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Focus on America

Skin-deep Pentecostals

I called a local governmental agency recently for clarification of its policy as it applied to my situation. The lady who answered my questions was polite but guarded in her responses. At the close of the conversation, I thanked her and stated that I was very pleased with the service her department had given me. Her attitude changed immediately and she expressed how good it was to talk to someone who wasn’t angry. She indicated that daily she takes a great deal of verbal abuse from the public. Later, as I reflected on this conversation, I wondered how many of these unkind and rude people say they are Christians? How many say they are Spirit-filled and speak in tongues?

First Corinthians 13:1 says, "Though I speak with the tongues of men and of angels, but have not love, I have become as sounding brass or a clanging cymbal" (NKJV). The world we are trying to win is not interested in our doctrine as much as it is in our attitude. Anyone who takes only tongue speaking into the marketplace and is void of the fruit of the Spirit — love, joy, peace, longsuffering, kindness, goodness, faithfulness, gentleness and self-control (Galatians 5:22,23) — has only a facade of what it means to be filled with the Spirit. Our doctrinal statement says that speaking in tongues is the initial physical evidence of the infilling of the Holy Spirit. Sadly, many never get past the starting point and are going through life as sounding brass and clanging cymbals, both of which irritate rather than bless. If the fruit of the Spirit is not evident in the marketplace, there is not much point in trying to demonstrate it inside the four walls of the church.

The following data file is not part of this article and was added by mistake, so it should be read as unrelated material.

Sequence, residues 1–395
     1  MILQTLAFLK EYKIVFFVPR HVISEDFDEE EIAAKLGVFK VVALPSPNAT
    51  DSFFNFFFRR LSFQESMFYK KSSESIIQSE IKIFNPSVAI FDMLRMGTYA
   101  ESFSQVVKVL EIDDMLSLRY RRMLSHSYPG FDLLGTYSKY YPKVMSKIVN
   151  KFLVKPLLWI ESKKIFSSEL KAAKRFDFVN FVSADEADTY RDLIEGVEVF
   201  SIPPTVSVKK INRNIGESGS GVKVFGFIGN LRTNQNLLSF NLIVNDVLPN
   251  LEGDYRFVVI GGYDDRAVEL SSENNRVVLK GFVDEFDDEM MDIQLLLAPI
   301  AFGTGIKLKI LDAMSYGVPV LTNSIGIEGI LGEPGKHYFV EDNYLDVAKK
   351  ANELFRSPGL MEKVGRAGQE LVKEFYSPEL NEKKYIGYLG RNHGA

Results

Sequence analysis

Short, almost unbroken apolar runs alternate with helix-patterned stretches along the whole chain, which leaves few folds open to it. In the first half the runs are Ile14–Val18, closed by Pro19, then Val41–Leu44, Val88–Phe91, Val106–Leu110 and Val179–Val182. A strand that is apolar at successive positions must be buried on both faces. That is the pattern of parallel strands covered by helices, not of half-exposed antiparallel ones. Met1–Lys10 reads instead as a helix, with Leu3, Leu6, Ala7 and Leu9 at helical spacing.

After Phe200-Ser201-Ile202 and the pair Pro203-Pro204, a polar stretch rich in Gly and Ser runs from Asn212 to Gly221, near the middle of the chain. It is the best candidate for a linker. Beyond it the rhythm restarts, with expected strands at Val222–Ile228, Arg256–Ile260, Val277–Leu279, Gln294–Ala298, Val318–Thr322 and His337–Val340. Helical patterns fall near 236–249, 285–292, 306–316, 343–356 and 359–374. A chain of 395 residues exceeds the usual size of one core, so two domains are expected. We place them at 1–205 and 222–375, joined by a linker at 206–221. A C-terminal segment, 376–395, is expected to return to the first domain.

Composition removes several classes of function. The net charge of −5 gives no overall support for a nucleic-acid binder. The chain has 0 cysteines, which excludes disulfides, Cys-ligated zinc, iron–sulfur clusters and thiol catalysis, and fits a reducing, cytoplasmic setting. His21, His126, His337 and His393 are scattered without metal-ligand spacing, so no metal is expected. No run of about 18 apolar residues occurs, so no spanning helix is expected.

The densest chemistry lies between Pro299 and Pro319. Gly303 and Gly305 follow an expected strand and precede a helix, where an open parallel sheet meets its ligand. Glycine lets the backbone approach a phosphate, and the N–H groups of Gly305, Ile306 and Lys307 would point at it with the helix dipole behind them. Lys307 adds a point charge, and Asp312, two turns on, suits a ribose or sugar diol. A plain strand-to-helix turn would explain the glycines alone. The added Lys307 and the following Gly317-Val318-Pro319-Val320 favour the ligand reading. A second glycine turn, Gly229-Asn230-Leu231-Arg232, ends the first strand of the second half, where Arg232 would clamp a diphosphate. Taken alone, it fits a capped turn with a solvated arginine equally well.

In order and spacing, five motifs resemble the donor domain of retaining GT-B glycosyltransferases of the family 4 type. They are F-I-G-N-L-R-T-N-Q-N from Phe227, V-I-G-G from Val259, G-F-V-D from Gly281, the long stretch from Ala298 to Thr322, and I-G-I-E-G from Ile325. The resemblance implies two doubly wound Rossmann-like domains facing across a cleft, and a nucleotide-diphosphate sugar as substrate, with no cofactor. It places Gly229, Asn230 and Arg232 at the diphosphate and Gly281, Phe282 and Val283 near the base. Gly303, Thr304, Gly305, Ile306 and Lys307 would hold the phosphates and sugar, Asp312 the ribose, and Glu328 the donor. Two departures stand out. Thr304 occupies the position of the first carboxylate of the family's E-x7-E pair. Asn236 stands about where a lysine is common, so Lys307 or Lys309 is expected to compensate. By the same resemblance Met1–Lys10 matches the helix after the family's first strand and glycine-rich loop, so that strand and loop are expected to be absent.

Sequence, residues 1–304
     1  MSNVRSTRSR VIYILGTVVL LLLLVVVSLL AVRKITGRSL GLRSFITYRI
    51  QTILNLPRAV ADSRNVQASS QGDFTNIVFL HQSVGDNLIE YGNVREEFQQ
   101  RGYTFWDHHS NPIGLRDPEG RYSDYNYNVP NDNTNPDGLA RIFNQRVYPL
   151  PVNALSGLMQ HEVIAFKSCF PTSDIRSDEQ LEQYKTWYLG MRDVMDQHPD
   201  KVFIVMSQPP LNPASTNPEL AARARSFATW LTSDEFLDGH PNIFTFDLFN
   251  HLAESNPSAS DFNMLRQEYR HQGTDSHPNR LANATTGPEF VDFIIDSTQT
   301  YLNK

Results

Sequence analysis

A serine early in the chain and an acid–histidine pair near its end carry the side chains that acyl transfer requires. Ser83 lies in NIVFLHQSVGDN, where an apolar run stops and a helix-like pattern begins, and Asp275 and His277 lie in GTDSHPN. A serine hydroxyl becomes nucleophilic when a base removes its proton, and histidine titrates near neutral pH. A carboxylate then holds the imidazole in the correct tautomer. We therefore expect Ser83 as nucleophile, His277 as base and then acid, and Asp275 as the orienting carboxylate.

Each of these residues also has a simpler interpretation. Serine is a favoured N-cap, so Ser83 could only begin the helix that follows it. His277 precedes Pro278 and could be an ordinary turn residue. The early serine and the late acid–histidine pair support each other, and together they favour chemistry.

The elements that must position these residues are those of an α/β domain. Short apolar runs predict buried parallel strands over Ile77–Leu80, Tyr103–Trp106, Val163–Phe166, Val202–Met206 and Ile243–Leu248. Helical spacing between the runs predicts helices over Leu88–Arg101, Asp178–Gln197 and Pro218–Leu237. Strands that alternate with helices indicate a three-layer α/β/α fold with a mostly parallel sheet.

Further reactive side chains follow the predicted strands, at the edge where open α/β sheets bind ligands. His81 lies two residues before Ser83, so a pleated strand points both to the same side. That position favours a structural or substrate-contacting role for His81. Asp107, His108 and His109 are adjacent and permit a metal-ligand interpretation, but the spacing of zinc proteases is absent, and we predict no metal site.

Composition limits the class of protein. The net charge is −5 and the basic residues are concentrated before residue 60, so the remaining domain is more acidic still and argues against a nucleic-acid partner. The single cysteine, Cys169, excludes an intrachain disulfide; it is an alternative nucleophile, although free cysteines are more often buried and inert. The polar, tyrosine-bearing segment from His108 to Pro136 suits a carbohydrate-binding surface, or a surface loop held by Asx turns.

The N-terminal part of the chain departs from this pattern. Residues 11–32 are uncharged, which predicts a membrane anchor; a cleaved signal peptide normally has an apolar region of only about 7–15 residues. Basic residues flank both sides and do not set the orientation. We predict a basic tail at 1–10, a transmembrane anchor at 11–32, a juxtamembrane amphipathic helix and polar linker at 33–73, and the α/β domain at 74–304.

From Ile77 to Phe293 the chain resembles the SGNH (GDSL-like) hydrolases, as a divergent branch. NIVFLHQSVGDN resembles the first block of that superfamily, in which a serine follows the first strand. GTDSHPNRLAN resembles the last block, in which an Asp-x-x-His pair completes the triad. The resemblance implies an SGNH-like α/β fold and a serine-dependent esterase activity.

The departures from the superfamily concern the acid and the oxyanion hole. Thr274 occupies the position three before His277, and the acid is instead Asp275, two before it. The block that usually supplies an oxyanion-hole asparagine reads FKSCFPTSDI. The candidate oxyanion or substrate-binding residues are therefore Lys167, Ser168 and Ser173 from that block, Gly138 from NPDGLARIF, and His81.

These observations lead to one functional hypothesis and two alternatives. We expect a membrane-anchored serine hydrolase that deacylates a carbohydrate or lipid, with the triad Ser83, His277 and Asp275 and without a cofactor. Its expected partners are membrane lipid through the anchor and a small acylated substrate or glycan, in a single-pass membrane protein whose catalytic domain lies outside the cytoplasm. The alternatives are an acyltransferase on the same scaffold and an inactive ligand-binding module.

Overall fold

There has never been a greater day of opportunity for the church. The pain and hopelessness of this generation provides a backdrop for us as Christians to demonstrate, on a day-by-day basis, the wonderful joy of serving Christ. We must show that the blood of Jesus does make a difference in our behavior in the marketplace — that we not only speak in tongues but we are gentle people who are kind and considerate because Christ lives within. The need to place the Ten Commandments in the public arena is not as great as the need for godly people to live by the Ten Commandments in public places.

— Charles E. Hackett

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